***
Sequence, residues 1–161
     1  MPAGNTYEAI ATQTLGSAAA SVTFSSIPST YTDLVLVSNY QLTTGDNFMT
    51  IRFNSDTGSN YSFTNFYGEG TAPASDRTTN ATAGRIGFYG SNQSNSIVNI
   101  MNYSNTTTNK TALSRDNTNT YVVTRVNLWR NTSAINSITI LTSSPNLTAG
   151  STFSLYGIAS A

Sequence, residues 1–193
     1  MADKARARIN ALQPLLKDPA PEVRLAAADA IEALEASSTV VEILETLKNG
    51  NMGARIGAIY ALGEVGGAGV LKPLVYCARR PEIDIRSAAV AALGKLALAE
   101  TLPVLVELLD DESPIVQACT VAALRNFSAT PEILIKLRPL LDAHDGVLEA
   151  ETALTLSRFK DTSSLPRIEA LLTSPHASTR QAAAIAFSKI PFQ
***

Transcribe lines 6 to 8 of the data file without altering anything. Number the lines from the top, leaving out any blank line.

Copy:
Sequence, residues 1–193
     1  MADKARARIN ALQPLLKDPA PEVRLAAADA IEALEASSTV VEILETLKNG
    51  NMGARIGAIY ALGEVGGAGV LKPLVYCARR PEIDIRSAAV AALGKLALAE